5.08: Post-completion Requirement
(1) Operation, Maintenance, and Reasonable Use Limitations. Property acquired or developed with Program assistance shall be
operated and maintained in accordance with standards and guidelines of the Division. In accordance with the applicable program
contract, participants may impose reasonable limits on the type and extent of use of areas and facilities acquired or developed
with Program assistance as necessary for maintenance or preservation.
(2) Nondiscrimination. Property acquired or developed with Program assistance will be open to entry and use by all persons who
are otherwise eligible regardless of race, color, national origin, sex, sexual preference, age or disability.
(3) Nondiscrimination on the Basis of Residence.
(a) Discrimination on the basis of residence, including preferential reservation, membership or annual permit systems, or user fees is
prohibited on the Project site unless this provision is waived by the Secretary.
(b) The Secretary will approve or deny all proposed fee or access limiting systems. Waivers will not be granted which
are inconsistent with the Federal Land and Water Conservation Fund Act, P.L. 88-578, Section 6(f)(8), 16 U.S.C. §
4601-4. et seq.
5.09: Conversion and Reversion
(1) Conversion. Property acquired or developed with assistance from the Self-Help or Urban Self-Help Program shall be retained
and used at all times for open space purposes in accordance with M.G.L. c. 132A, § 11, and St. 1977, c. 933. Any property so
acquired or developed shall not be wholly or partly converted to other than public outdoor recreation or conservation purposes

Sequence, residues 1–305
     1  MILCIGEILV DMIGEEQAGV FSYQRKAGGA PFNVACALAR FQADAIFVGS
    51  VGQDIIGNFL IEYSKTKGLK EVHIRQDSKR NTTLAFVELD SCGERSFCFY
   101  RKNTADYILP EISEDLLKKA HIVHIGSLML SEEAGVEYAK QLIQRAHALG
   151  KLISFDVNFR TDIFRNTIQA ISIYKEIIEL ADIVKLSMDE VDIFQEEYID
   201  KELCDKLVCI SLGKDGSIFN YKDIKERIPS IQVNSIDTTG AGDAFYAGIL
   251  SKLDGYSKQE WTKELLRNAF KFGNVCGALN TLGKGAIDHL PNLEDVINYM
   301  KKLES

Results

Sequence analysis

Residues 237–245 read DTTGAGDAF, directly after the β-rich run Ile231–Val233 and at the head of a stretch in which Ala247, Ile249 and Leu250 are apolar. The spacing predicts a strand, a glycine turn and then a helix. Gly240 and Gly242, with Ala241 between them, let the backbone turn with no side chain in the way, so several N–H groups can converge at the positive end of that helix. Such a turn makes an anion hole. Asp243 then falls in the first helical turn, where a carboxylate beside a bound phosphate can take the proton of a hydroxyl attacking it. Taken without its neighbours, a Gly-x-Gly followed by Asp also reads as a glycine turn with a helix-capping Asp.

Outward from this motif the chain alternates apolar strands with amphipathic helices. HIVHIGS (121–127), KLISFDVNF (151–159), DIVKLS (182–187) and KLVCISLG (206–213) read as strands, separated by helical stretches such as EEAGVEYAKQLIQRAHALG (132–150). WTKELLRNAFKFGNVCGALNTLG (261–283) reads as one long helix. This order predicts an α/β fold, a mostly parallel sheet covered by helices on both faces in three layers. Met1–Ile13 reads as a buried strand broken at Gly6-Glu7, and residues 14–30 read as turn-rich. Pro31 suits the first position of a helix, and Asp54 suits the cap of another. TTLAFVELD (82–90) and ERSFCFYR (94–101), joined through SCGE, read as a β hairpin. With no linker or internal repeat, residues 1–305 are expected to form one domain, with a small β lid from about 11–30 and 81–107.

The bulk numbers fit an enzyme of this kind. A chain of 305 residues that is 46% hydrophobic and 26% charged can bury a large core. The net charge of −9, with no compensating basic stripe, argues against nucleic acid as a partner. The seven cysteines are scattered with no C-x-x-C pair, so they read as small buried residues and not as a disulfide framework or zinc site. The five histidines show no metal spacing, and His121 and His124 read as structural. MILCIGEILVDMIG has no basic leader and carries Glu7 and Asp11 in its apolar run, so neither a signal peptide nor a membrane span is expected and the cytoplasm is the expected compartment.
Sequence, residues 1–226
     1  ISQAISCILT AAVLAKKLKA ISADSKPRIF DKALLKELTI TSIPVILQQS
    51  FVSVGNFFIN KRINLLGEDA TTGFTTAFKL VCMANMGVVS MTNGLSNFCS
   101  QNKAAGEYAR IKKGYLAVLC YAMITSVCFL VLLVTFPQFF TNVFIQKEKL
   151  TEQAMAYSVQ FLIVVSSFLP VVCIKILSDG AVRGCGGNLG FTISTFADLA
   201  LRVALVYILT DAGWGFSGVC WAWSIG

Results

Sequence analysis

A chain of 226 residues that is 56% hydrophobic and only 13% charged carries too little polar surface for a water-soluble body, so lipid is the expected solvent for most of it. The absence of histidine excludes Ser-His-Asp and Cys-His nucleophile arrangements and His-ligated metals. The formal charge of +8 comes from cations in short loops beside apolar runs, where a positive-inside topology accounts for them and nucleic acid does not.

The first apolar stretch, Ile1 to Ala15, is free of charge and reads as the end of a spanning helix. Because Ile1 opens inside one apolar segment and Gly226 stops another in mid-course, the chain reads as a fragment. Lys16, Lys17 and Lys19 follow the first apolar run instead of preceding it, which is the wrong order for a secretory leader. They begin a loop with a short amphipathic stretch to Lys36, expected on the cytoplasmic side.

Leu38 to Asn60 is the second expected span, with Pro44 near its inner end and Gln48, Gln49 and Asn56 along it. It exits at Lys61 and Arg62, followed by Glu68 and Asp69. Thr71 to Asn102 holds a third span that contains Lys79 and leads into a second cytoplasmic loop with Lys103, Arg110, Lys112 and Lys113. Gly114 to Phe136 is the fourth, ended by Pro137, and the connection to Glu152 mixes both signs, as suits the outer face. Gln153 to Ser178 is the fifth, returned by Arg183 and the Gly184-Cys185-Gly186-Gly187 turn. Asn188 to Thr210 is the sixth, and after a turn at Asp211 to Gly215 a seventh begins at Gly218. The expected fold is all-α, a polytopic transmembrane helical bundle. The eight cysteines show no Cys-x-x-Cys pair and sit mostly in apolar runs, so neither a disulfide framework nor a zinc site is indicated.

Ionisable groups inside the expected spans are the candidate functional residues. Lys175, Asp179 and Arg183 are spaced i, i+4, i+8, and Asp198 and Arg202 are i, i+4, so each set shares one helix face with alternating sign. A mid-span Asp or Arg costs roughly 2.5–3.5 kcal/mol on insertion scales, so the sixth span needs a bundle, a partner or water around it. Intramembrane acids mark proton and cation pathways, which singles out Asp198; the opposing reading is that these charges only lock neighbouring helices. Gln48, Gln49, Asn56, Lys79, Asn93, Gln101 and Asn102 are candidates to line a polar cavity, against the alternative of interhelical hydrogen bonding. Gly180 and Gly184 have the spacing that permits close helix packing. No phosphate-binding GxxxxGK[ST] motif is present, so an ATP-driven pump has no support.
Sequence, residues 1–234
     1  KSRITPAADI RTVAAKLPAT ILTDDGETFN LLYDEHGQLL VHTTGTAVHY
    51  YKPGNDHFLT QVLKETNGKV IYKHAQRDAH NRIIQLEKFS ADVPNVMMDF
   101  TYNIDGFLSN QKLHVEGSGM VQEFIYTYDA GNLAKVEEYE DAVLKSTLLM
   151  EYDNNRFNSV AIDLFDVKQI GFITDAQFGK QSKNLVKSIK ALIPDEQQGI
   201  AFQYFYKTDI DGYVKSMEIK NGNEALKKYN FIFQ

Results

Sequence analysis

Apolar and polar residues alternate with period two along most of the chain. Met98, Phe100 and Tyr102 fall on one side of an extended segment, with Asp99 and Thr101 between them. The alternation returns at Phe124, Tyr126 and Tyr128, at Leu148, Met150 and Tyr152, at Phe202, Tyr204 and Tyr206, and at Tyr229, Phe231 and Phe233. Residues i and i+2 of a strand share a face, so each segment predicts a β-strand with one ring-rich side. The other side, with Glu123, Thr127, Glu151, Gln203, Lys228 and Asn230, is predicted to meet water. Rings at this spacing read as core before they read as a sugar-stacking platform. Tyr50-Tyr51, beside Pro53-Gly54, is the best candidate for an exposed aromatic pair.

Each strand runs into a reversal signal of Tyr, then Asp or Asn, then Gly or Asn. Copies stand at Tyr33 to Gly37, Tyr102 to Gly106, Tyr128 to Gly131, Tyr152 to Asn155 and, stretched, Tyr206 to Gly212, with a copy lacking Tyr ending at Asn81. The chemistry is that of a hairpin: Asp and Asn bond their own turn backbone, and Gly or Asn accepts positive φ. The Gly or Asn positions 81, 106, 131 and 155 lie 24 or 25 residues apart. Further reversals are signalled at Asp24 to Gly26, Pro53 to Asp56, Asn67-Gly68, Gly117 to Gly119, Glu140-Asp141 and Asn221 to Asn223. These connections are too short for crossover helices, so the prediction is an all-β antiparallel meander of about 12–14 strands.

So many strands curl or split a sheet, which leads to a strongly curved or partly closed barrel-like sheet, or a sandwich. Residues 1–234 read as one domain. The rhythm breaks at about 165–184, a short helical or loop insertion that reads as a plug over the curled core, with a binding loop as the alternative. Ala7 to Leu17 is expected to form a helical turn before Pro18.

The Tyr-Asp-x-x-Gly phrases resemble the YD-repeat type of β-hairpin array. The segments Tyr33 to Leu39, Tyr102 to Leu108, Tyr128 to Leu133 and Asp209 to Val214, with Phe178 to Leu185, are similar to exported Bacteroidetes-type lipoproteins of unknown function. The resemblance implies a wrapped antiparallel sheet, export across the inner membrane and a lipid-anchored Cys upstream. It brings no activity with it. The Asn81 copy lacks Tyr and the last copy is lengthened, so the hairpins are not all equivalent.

without the approval of the Secretary. Converted property shall comply with Article 97 of the Massachusetts Constitution and
shall be replaced with land of at least equal fair market value and of reasonably equivalent usefulness. The Secretary may
disapprove conversion requests or reject proposed property substitutions. Grant contracts, at the discretion of the Secretary,
may be subject to specific performance.
(2) Reversion. Property acquired or improved with Program funds authorized by St. 1996, c. 15 shall be retained and used at all
times for open space purposes in accordance with M.G.L. c.132A, § 11, as amended, or St. 1977, c. 933, as amended. In the event
that the property ceases to be used, either in whole or in part, for such purposes, all interest in the property shall revert to the
Commonwealth, unless the Secretary demands specific performance of the grant contract.
(a) Owners of property so acquired or improved shall notify the Secretary in writing of any change in use or potential change in use of the
property that is inconsistent with said open space purposes. The owner shall have 90 days from the date
written notice was received by the Secretary to present satisfactory evidence acceptable to the Secretary that
the basis for reversion has been cured, in which case the property shall not revert. Upon receipt of written
notice, the Secretary may review the circumstances of the property and determine that reversion of the
property is not appropriate or essential to the protection of public open space, and find that the provisions of
301 CMR 5.09(1) shall apply.
(b) If the Secretary finds that a property acquired or improved with Program funds has ceased to be used for such open
space purposes, the Secretary shall notify the owner of the property in writing of this basis. The owner shall have 90
days from the date written notice was mailed to the owner to present satisfactory evidence acceptable to the Secretary
that the basis for reversion has been cured, in which case the property shall not revert.
5.10: Guidance Documents
The Guidelines or Guidance Documents referenced herein are available free of charge to municipalities upon request from the Division.
Attachment G: Program Legislation, Regulations, and Policies
The provisions of 301 CMR 5.00 are severable, and if any provision or application thereof is held to be invalid by a court of competent
jurisdiction, such invalidity shall not affect the enforceability of the remainder of 301 CMR 5.00.
301 CMR 5.00: M.G.L. c. 21A, § 2; c. 132A, § 11; St. 1977, c. 933; St. 1987, c. 564, §§ 8 and 9; St. 1996, c. 15, § 2.
Formatting Note: 301 CMR 5.00 occupies pages 15 through 22 of 301 CMR EXECUTIVE OFFICE OF ENVIRONMENTAL AFFAIRS.
(PAGES 23 THROUGH 42 ARE RESERVED FOR FUTURE USE.